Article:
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T/5 Richard B. Herklotz

Co. G, 2nd Battalion, 318th Infantry Regiment

By Terry D. Janes

 

 

I was recently contacted by the proud son of Richard B. Herklotz, who served in Company G, 2nd Battalion, 318th Regiment, 80th Infantry Division during World War Two.  As I do with all families, I offered to create a tribute to T/5 Herklotz to pay homage to his brave service in the war, but also to remind younger generations that Freedom Is Not Free, and without men like this, none of us would enjoy the lives that we do.  Should anyone remember Richard, or know details of his war service that would help his family better understand what he went through, please contact the webmaster, and I will forward your information on to the family.  From Richard's son, comes the following:

Brief Military History of my father, Richard B. Herklotz

 

Born in Schoenchen, Kansas on October 20, 1914.

 

Inducted into the Army on July 10, 1941 at the Wichita Post Office Building, Wichita, Kansas – 26 1/2 years old.

 

Basic training at Fort Eustis, Virginia in July and August 1941.

 

Fort McClellan, Anderson, Alabama (near Georgia State line) for one month (artillery training).

 

Two years at Fort Niagara Reception Center, Youngstown, NY, beginning October 1941. He met his wife, Marquette (Lena) Scozzafava at a USO dance in Youngstown. They were married in January 1943.

 

Transferred to Fort Mead, Maryland for one year.

 

Transferred to a European theatre of operations staging area – New York City area.

 

Departed for Europe July 1944 aboard the Queen Elizabeth.  Arrived in Glasgow, Scotland.

 

Traveled by train through Scotland and England to Sultan Sands, Barnstable.

 

Infantry training in Bristol England for six weeks.

 

Combat – fall  (disembarked at Marseille, France).

 

Joined the Third Army (George Patton’s army), 80th Division, 318th Infantry, G Company, 2nd Battalion.

 

Combat in France, Luxembourg, Ardennes, Belgium (Battle of the Bulge).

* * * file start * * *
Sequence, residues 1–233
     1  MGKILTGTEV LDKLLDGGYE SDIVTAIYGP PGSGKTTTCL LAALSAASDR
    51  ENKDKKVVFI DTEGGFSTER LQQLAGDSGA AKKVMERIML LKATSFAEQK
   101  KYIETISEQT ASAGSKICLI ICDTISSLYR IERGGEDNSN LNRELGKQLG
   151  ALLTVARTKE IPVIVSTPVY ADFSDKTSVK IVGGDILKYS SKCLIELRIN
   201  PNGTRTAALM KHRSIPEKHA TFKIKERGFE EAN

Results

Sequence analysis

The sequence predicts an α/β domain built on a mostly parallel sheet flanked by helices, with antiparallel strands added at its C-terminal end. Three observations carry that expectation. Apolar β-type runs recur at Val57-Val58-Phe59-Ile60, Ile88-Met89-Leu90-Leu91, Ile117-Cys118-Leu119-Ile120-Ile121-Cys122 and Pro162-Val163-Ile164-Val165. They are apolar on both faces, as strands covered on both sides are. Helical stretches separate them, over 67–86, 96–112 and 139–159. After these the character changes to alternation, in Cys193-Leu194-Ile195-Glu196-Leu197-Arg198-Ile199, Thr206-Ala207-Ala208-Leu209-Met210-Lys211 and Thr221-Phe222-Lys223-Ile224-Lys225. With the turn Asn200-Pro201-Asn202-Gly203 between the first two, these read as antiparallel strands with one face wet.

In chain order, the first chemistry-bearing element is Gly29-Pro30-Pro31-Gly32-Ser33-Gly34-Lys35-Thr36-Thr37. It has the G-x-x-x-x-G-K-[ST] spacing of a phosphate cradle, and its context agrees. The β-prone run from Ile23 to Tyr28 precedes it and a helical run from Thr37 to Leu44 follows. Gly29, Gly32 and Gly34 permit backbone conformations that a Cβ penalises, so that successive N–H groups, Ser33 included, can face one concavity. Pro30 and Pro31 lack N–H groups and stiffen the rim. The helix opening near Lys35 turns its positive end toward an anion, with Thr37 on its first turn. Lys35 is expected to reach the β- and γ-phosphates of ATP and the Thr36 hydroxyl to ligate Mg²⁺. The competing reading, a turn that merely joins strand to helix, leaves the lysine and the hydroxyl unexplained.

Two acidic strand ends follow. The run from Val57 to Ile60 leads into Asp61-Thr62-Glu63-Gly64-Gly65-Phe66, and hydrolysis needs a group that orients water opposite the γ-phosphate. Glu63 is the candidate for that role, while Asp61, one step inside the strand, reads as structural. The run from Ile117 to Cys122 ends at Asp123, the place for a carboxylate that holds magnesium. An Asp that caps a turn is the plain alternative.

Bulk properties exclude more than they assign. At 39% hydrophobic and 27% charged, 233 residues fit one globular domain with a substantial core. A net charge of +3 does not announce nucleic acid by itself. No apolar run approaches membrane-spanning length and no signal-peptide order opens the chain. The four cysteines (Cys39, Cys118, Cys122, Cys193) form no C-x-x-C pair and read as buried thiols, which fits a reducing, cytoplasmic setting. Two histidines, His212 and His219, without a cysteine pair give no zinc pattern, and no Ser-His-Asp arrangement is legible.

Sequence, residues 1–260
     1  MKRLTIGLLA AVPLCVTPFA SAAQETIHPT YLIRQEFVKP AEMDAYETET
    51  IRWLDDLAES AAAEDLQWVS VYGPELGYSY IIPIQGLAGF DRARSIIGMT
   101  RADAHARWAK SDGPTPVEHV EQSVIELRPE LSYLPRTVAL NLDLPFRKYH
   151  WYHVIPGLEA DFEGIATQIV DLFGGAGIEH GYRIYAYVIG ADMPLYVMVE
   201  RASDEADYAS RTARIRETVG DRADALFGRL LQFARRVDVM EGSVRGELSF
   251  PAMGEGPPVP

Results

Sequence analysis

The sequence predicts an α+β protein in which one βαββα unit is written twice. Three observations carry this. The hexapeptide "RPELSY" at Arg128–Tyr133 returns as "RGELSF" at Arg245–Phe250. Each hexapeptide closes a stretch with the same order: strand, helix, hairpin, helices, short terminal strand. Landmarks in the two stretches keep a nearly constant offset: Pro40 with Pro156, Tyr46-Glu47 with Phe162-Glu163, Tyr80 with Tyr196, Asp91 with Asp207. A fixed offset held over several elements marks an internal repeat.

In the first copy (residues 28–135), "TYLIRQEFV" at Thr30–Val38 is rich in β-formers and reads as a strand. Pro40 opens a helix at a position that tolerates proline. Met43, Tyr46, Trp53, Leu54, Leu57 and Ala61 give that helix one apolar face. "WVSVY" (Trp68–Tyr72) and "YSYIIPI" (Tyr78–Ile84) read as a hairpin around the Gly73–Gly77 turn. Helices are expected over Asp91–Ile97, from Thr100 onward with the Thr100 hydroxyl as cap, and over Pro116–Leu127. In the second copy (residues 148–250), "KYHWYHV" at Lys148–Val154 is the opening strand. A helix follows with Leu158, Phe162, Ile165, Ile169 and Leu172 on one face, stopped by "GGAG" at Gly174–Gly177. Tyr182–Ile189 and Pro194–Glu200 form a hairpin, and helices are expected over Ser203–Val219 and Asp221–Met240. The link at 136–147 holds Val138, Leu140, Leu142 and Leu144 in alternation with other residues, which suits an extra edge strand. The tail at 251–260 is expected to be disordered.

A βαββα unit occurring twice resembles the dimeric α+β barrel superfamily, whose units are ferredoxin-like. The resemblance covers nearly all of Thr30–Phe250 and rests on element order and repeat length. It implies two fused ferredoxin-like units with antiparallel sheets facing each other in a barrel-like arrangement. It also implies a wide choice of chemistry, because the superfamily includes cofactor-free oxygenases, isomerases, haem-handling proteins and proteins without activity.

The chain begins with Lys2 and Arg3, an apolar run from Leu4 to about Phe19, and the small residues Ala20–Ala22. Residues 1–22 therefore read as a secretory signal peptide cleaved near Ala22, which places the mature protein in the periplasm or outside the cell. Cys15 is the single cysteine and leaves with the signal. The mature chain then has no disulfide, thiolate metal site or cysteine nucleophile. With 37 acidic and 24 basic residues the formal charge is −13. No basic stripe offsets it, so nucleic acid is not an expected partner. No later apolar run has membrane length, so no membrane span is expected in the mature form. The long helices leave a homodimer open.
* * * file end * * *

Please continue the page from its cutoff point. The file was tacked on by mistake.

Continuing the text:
Awarded the Presidential Citation for heroic action in relieving the 101st Airborne in Bastogne, Belgium in December 1944. His battalion was one of the first to reach the embattled 101st. (see the associated documentation including the Battle Honors Letter of Citation).

 

Wounded in Action at Ettelbruck, Luxembourg on January 23, 1945 (see related letter written by Charles Rigg regarding the night they were wounded).  Transported back to England for treatment and recovery. Awarded the Purple Heart.

 

Furlough in London April 6 through 12, 1945.

 

Back to combat and then occupation in April, 1945 in Central Europe, the Rhineland and Germany (disembarked at LeHarve, France).

 

Transferred to the 75th Infantry, 275th Engineering Battalion in August, 1945 to complete his overseas tour of duty.

           

Furlough in London in October, 1945.

 

Transferred to Marseille, France – staging area for voyage back to the States.

 

Departed for the United States November 3, 1945 aboard the Tusculum Mule victory ship.  Arrived in Hampton Roads, Virginia on November 14, 1945 and then to Fort Patrick Henry for interim processing and lodging.

 

Transferred a few days later to Fort Dix Separation Center, New Jersey for final processing and discharge from the U.S. Army.

 

Departed Fort Dix by train for Niagara Falls, NY – home at last.

 

 

 

 

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